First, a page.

Today there was a wonderful steel drum guy, a sort of New Orleans jazz band, and an impressive cellist.  All cool.   But why on earth do people give money to people who have just painted themselvves silver and are sitting very, very still?  I mean, other than silver paint, what on earth is the difference between sitting still like that, and sitting still with a sign saying "hungry and homeless please help - not an alcoholic I swear?"  Arguably, the beggar at least needs the cash.  I have more sympathy with them.  For a start, they rarely make annoying squeeky noises and they clog up the pavement less.

OK, I'm done.  The buskers were cool, and the illegal find-the-lady game might have been interesting but I have the sense to get out of that sort of crowd whilst I still have my purse and my mobile.
View from the roof of the Hayward Gallery


Psycho Buildings is the summer exhibition at teh Hayward - it's a set of large scale, totally bonkers installations that wouldn't fit in most galleries.  I loved it. Nooooo idea why it's art, but it is epic cool. First up was a sort of tent made of waht looked like a giant set of tights, that smelt really strongly of cloves.  There was a steel tube you walked through, a maze made of coloured paper, a big plastic dome that was meant to be a cloud (but if you've ever climbed a mountain, you know that clouds are not hot dry plastic greenhouses!), a whole room full of empty doll's houses, and many things of that ilk.  But best of all...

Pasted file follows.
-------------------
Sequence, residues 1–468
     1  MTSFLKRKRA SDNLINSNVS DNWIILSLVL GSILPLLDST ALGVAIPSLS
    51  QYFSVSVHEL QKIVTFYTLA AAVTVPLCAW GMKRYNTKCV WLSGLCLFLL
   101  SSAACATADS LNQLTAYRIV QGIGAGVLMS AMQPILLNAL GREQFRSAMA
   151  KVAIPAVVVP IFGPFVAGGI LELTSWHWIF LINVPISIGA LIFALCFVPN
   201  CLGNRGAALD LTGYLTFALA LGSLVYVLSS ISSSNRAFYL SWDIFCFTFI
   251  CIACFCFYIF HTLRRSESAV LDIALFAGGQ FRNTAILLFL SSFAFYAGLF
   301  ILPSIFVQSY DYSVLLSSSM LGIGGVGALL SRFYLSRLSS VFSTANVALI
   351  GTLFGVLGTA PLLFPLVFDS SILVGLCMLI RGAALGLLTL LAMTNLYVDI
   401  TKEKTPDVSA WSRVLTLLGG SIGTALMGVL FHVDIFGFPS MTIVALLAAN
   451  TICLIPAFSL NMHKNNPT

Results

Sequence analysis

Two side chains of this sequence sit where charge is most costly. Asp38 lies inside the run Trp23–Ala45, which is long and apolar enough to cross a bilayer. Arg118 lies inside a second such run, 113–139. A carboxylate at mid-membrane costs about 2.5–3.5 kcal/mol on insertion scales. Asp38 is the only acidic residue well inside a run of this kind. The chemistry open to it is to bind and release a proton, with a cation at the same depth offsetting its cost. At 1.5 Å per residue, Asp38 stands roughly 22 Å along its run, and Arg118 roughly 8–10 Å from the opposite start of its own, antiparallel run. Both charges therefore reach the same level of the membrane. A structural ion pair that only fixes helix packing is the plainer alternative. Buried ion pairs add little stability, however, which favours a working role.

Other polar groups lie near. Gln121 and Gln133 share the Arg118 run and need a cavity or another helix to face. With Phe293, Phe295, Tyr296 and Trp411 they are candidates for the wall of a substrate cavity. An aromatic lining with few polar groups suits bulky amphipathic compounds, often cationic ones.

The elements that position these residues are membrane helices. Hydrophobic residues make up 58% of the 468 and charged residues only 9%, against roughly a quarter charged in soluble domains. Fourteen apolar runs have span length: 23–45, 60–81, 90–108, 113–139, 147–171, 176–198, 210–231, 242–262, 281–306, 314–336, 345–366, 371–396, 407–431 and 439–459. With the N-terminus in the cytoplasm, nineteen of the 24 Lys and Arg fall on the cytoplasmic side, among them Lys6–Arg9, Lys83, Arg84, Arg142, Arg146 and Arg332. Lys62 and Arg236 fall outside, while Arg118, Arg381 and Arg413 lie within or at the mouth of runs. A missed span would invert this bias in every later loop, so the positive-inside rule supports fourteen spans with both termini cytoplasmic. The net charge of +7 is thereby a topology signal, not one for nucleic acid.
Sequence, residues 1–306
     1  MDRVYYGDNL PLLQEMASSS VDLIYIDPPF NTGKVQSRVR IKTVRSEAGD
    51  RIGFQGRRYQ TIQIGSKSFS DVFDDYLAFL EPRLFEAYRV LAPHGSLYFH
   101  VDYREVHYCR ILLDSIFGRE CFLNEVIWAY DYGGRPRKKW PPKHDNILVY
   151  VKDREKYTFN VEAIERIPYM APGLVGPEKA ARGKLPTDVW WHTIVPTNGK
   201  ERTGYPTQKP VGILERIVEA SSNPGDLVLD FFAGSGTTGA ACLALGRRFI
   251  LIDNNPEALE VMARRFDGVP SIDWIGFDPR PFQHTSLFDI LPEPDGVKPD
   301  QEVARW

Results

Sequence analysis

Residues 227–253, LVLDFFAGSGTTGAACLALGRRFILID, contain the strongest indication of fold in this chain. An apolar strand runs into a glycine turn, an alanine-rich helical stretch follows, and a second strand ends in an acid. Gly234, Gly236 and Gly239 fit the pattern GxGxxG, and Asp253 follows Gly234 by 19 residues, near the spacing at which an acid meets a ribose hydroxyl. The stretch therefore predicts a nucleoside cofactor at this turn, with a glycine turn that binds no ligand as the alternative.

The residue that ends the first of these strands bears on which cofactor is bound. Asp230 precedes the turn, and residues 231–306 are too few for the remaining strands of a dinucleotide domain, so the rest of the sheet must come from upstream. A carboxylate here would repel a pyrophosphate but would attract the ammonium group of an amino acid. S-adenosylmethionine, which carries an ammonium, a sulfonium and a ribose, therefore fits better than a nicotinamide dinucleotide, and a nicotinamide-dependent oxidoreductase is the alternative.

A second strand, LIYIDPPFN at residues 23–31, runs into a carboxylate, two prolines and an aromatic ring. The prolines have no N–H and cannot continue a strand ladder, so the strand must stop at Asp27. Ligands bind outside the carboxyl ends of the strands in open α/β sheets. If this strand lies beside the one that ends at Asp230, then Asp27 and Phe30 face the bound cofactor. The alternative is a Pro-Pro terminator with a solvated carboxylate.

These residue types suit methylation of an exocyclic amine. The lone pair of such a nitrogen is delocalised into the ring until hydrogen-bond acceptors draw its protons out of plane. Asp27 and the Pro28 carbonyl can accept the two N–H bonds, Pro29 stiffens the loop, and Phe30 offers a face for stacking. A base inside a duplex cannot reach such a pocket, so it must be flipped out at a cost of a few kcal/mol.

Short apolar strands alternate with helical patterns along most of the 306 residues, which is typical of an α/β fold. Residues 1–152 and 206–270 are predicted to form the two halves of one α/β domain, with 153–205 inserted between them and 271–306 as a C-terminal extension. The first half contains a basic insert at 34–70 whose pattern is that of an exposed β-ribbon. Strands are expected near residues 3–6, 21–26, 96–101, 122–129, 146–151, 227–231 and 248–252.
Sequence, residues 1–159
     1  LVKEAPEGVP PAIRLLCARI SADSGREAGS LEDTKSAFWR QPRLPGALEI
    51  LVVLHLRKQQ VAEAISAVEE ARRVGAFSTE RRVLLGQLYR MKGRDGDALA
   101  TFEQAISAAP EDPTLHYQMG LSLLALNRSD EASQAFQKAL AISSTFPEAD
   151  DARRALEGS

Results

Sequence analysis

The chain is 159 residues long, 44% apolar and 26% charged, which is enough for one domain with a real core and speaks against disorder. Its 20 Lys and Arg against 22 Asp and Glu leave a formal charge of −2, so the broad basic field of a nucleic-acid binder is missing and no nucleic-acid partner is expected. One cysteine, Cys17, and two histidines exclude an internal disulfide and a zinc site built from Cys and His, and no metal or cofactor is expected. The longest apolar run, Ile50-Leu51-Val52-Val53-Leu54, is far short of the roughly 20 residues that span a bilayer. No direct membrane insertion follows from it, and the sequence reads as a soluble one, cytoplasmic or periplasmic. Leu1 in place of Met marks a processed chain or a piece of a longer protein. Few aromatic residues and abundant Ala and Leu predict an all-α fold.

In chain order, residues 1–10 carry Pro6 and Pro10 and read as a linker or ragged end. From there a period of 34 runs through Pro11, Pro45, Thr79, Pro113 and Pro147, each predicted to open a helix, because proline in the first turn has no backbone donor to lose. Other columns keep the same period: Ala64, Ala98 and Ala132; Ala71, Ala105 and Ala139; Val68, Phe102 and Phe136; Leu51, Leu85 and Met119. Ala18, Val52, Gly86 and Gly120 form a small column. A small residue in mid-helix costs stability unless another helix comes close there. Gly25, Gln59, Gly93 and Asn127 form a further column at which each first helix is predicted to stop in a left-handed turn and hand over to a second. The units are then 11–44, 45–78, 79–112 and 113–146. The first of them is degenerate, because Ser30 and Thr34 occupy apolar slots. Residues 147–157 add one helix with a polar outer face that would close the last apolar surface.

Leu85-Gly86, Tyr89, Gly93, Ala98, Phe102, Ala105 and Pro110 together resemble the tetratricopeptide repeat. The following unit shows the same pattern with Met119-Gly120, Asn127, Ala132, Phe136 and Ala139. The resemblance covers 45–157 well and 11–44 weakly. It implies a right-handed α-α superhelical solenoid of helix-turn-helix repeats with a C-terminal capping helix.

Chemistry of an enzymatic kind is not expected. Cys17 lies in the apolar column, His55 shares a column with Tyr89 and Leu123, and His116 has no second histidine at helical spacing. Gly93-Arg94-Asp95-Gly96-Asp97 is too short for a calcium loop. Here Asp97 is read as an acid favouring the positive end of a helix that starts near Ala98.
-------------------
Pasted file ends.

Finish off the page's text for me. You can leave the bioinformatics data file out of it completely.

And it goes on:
I got to row on a roof, and I got to jump a queue to do it!  The artist has flooded one of the Hayward's terraces and put rowing boats on it!  Now I am sure this is meant to say something really meaningful about the human condition, and I could make a convincing point for the value of doing something so unexpected in terms of, oh, challenging the nature of space or something.
Going up to the jetty(!)
But when it comes right down to it, there I was, work-suit all unbuttoned, in a rowing boat with a total stranger (I got to skip the queue because I was alone and could make up the numbers in her boat), laughing my head off.